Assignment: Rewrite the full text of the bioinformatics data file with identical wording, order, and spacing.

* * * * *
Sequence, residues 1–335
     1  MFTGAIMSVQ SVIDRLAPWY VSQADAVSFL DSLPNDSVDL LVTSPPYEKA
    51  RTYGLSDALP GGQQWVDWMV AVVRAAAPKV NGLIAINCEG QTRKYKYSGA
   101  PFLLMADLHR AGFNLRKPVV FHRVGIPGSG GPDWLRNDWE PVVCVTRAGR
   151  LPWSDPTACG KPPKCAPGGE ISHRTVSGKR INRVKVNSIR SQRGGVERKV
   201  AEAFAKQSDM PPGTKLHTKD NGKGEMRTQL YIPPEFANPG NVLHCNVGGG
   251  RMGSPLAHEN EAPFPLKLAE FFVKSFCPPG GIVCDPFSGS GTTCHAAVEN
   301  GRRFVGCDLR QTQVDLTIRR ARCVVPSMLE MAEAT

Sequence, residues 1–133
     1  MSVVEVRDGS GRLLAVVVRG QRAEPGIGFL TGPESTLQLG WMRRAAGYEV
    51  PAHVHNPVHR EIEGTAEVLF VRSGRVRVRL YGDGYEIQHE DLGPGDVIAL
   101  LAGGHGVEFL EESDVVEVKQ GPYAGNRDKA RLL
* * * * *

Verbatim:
Sequence, residues 1–335
     1  MFTGAIMSVQ SVIDRLAPWY VSQADAVSFL DSLPNDSVDL LVTSPPYEKA
    51  RTYGLSDALP GGQQWVDWMV AVVRAAAPKV NGLIAINCEG QTRKYKYSGA
   101  PFLLMADLHR AGFNLRKPVV FHRVGIPGSG GPDWLRNDWE PVVCVTRAGR
   151  LPWSDPTACG KPPKCAPGGE ISHRTVSGKR INRVKVNSIR SQRGGVERKV
   201  AEAFAKQSDM PPGTKLHTKD NGKGEMRTQL YIPPEFANPG NVLHCNVGGG
   251  RMGSPLAHEN EAPFPLKLAE FFVKSFCPPG GIVCDPFSGS GTTCHAAVEN
   301  GRRFVGCDLR QTQVDLTIRR ARCVVPSMLE MAEAT

Sequence, residues 1–133
     1  MSVVEVRDGS GRLLAVVVRG QRAEPGIGFL TGPESTLQLG WMRRAAGYEV
    51  PAHVHNPVHR EIEGTAEVLF VRSGRVRVRL YGDGYEIQHE DLGPGDVIAL
   101  LAGGHGVEFL EESDVVEVKQ GPYAGNRDKA RLL